Stress Coping Techniques: Stigma, Stress, and Solutions
Today’s article, on stress coping techniques, I wrote as an expanded and built-out version of the advice I had for a reader in the comments section of Chase’s article “Are You Smart? It Doesn’t Much Matter Either Way.” The reader in question was having problems coping with his emotions and the situation around a woman in his life:
“Chase what can I do to stop caring about people. And I don't mean it in a cold way but I care for this one girl a lot and it's messing up my head and making me very emotional. It's not like the article when you wrote "can't stop thinking about her", this girl has done a lot for me and she makes me happy but My feelings are strong for her and I hate having feelings. I feel weak and out of control, I'm not asking on how to get her I just want to get rid of my feelings and take control of my emotions. Also chase idk if you working on it or not but I asked for an article on self esteem/inferiority complex? I just want to know if you Remembered about it. Thank you”
I had the idea for this article for a while, but I left it alone for three main reasons:
Stress and emotions are often difficult to teach how to manage
It’s hard to go into lengthy detail and provide enough pragmatic steps to mold your coping mechanisms in a way that’s truly helpful
It’s not easy to simply cast away your emotions
I think this way from experience, because while I myself personally find it easy cope and move on, it can be incredibly hard to help someone else become that way. Really the only way I’ve found to fundamentally change people is by becoming a role model for them, and to help them over long periods of time.
However, I do have some good solid advice that I’d like to share with you today, and some steps you can follow when things go awry.
Chase covered a bit of this in his article “Can't Stop Thinking About Her? Here's Why You Need to Meet More Girls…”
And Ricardus’s post “Get Over Your Ex: 13 Steps to (Emotional) Freedom” went into some of this too.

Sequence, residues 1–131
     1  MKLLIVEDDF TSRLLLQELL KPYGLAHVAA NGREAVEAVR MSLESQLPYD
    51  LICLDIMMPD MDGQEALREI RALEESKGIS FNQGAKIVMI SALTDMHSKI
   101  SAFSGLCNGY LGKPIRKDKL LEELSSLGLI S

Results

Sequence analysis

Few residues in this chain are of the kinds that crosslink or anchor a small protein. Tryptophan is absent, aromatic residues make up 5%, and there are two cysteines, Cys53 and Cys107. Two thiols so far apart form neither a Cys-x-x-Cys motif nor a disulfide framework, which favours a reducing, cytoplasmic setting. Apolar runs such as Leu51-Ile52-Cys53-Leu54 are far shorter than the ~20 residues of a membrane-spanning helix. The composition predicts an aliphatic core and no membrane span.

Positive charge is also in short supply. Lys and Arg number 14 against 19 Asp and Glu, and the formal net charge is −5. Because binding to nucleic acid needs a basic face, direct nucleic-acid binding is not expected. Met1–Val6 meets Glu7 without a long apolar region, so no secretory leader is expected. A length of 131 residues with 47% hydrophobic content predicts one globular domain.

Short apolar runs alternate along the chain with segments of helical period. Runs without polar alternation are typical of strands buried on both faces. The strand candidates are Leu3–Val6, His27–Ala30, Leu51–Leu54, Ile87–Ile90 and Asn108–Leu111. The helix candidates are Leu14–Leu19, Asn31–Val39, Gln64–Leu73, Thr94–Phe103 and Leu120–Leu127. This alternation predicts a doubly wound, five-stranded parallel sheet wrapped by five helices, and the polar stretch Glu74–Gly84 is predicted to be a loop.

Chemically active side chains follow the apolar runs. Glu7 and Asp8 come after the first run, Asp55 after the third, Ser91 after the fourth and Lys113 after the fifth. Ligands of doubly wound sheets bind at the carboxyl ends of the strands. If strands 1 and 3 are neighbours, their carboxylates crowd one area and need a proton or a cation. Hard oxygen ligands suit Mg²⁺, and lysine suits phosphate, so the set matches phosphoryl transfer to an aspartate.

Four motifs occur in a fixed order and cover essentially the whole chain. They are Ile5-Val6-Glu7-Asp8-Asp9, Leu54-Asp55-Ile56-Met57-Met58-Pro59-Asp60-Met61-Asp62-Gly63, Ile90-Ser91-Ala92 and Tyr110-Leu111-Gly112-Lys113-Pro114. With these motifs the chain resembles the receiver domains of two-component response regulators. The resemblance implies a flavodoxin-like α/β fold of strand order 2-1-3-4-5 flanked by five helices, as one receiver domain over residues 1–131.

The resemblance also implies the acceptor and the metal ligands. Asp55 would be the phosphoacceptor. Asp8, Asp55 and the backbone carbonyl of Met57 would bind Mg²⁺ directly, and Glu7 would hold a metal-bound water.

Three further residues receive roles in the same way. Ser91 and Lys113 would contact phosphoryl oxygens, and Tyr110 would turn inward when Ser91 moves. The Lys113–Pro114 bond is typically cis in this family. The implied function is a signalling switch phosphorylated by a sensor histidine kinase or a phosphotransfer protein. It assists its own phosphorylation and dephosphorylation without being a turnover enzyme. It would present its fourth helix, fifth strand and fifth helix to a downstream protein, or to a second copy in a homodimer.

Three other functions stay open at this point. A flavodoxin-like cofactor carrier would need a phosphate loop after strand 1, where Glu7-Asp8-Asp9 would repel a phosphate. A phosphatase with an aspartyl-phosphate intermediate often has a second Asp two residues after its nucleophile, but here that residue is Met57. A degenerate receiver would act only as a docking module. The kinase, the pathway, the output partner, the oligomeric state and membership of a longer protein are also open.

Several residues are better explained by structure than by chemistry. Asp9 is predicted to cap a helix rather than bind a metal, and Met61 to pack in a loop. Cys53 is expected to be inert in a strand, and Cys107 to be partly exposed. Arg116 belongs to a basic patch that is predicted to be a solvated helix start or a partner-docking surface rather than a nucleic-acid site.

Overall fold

Stress coping techniques involve a lot of figuring out what’s on your mind - then getting it off your mind. And we’ll review some of what these articles discussed here today too.
But first I’d like to go into another topic that is very
related to stress coping, and that’s this: psychological ailments and their
effects. Because while stress is bad, other things that can
either cause it or come from it can often work in conjunction with it
to make the matter worse, and if you’re going to combat them, you need
to first know what they are.
The Burden of Stigma
While the advent of psychology came with the understanding of the brain and its ailments. Yet, with this new understanding of the mind also came an unfortunate social side-effect that is (or can be) crippling: stigma.
Remember, labels are powerful. Labels, in case the term doesn’t immediately conjure an image in your mind, are the words and terms used to describe things; and, often, used to define things. By labeling yourself, or by letting someone else label you, you are effectively saying, “I am X.”
I cannot stress this enough, because
not only are labels strongly
able to manipulate someone’s actions through
social pressure, labels also act
to limit their labelees and place constraints upon them. Labeling
forces you, as the labeled, to climb into the box
that has been decided for you, and
even manages to suffocate you and stifle your protest to the contrary
in the process... even if those labels are, allegedly, good.